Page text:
After having my worldview completely deconstructed from reading McLaren's A New Kind of Christian Trilogy, yesterday I decided to start reading a book that a friend loaned me called Early Christian Doctrines, by J.N.D. Kelly. From what I've read so far, it appears that the early church fathers believed what I believed before reading McLaren (including the traditional concept of hell).

Here's the struggle I'm experiencing: I really want to believe the Truth. So am I intellectually obligated to examine thoroughly other worldviews in order to be certain that the one I hold is accurate?

This is my prayer in the past days, from the first verses of Psalm 25:
1To you, O Lord, I lift up my soul.
2O my God, in you I trust;
do not let me be put to shame;
do not let my enemies exult over me.
3Do not let those who wait for you be put to shame;
let them be ashamed who are wantonly treacherous.
4Make me to know your ways, O Lord;
teach me your paths.
5Lead me in your truth, and teach me,
for you are the God of my salvation;
for you I wait all day long.

Saturday, October 21, 2006

a good story of God's provision

Read this awesome story about how God provided a car for my friend Brian Bill and his family when they came back to the United States after being missionaries in Mexico. When they had nothing, they still had God, and that was more than enough.

"And my God will fully satisfy every need of yours according to his riches in glory in Christ Jesus." - Philippians 4:19

Friday, October 20, 2006

thoughts on hell

I just finished reading The Last Word and the Word After That by Brian McLaren. I have had the book on my shelf for over a year but just recently decided to pick it up after hearing him speak in Kansas City. In this book McLaren is dealing head on with something I have thought hard about since I was a small child - HELL. This book is basic a historical deconstruction of the modern concept of hell that most evangelical Christians hold to today (which is that hell is the place where Satan, the fallen angels, and everyone who has never heard of/never accepted Jesus will spend eternity in conscious torment).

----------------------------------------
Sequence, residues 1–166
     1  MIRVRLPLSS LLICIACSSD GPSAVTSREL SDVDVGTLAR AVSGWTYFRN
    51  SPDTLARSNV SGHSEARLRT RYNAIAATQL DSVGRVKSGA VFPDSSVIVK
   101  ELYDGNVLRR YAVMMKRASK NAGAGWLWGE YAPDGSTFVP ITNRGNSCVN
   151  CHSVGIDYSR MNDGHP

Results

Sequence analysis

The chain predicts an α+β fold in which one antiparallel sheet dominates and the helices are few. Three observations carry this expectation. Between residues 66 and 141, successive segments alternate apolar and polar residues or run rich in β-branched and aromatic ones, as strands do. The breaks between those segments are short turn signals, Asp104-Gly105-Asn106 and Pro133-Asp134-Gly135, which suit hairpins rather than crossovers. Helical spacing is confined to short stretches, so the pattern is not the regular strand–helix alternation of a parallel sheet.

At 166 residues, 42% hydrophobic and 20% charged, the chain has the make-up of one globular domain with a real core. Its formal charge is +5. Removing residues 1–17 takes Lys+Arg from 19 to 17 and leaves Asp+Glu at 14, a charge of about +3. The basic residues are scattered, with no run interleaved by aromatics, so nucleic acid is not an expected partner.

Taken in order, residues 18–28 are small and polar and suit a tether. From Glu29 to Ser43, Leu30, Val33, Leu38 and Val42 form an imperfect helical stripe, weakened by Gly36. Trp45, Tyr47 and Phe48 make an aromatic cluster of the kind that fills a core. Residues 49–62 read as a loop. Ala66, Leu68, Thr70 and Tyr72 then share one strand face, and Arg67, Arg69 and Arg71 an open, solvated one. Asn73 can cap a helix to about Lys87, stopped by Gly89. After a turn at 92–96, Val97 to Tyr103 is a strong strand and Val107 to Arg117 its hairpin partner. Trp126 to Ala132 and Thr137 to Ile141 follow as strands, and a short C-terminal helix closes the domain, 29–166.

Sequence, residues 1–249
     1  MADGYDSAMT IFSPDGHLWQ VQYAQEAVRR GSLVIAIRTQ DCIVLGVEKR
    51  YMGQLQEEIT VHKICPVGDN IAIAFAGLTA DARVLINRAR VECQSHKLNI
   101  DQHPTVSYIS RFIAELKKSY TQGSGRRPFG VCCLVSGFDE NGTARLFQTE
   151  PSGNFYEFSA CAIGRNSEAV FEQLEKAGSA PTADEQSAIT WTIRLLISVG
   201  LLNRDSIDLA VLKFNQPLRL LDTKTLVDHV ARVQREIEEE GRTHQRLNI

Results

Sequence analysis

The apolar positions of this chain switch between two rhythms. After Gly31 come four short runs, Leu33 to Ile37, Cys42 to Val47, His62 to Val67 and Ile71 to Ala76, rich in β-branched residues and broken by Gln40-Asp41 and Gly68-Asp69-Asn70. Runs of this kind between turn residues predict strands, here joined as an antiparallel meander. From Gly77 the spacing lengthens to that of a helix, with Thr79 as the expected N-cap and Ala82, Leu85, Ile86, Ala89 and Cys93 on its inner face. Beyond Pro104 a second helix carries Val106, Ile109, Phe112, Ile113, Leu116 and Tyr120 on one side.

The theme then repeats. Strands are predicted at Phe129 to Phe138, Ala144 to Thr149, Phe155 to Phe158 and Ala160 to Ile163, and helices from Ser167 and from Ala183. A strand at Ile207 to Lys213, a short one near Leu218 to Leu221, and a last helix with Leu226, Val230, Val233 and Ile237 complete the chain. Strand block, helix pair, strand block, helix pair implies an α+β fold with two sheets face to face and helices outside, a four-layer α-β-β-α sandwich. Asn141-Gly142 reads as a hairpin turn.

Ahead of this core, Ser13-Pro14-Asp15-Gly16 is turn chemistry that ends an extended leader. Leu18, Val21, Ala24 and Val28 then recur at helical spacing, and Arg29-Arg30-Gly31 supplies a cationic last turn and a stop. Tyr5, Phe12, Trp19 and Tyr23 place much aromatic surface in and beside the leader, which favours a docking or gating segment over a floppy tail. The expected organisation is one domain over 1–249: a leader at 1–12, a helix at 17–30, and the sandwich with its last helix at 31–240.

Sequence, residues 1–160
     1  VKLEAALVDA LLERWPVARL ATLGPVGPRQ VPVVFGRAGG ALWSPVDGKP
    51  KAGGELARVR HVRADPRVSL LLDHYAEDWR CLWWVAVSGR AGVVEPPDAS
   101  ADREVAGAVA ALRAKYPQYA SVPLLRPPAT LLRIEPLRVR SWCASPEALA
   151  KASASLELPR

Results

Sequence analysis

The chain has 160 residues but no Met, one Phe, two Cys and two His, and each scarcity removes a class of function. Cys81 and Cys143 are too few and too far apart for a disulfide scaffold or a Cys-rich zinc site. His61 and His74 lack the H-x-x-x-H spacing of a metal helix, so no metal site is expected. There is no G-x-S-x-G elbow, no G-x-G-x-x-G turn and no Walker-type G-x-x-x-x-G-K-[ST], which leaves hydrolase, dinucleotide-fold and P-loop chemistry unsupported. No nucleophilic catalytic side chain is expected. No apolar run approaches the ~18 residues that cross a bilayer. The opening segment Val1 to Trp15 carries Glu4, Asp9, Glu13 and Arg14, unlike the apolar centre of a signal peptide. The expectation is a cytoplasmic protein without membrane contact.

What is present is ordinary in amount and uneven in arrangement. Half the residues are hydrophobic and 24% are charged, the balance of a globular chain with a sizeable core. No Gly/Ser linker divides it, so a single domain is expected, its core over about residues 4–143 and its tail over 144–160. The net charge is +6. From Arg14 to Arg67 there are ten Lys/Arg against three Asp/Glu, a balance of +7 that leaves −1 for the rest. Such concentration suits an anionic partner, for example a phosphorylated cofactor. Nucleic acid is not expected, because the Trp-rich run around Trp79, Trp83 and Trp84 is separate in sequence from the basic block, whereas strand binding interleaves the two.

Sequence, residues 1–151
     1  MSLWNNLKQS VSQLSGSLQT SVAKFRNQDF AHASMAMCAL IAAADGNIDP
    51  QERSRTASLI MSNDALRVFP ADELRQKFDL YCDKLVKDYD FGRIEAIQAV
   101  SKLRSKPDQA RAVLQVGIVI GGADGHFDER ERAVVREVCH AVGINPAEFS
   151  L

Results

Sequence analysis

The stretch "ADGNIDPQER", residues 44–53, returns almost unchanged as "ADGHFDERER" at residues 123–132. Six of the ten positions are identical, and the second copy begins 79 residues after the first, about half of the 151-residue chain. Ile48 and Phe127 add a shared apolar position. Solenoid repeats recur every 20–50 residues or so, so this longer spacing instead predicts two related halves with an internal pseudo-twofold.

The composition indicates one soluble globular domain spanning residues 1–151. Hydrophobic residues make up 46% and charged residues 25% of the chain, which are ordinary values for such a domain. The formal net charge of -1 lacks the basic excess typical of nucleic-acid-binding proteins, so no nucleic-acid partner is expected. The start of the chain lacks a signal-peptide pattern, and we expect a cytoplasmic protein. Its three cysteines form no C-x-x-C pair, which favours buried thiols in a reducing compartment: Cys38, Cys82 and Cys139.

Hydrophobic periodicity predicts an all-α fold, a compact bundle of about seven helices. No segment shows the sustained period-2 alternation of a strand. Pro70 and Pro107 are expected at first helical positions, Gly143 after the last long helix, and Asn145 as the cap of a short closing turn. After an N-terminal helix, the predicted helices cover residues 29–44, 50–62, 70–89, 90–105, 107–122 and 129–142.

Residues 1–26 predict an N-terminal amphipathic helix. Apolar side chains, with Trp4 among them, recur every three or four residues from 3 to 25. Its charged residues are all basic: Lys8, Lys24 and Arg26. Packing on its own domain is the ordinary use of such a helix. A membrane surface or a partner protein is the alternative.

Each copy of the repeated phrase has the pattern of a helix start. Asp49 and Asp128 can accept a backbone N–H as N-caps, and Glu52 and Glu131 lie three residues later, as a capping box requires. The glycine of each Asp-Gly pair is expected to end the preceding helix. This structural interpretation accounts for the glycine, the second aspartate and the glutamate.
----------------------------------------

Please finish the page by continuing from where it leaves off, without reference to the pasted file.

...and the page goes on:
Since I have had a morbid fascination with this issue since childhood, I appreciated this analysis of the topic. One of the things that is pointed out, which puzzles me, is that there are three words in the New Testament that are translated into English as hell: hades (appears 11 times), gehenna (appears 12 times), and tartaros (appears 1 time).

Tartaros and hades are borrowed from Greek mythology. In my understanding, hades refers to the place that all dead people go, and tartaros a very bad portion of hades. Gehenna is "The valley, which forms the southern border of ancient Jerusalem, is first mentioned in Joshua 15:8. Originally it referred to a dump in a deep narrow valley right outside the walls of Jerusalem in modern-day Israel where fires were kept burning to consume the refuse and keep down the stench. It is also the location where bodies of executed criminals, or individuals denied a proper burial, would be dumped. In addition, this valley was frequently not controlled by the Jewish authority within the city walls; it is a commonly held historical opinion that this valley was used as a place of religious child-sacrifice by the Caananites outside the city" (wikipedia.com, "gehenna").

Here's a crazy thing. When I first became a Christian I was at a retreat. I remember asking one of the clergy a question about hell, and he said, "first of all, we have to understand that the word translated in the Bible as hell really means trash dump." I immediately dismissed him as a liberal and a heretic.

Here's my question. As a person who has since conversion been a defender of conservative evangelical theology, including hell, I feel a little bit cheated. Why did the translators of the English Bibles not feel that they could just translate gehenna as gehenna, hades as hades, and tartaros as tartaros?

I imagine if Jesus used words from Greek mythology and Jewish history with all the baggage they bring, then he wants us to think about why he used those words and how they effect the rhetoric he is employing. I wonder how our understanding of hell would be different if the general Christian public knew the background of these words.

Thursday, October 19, 2006

christians and the future of the world: agree or disagree?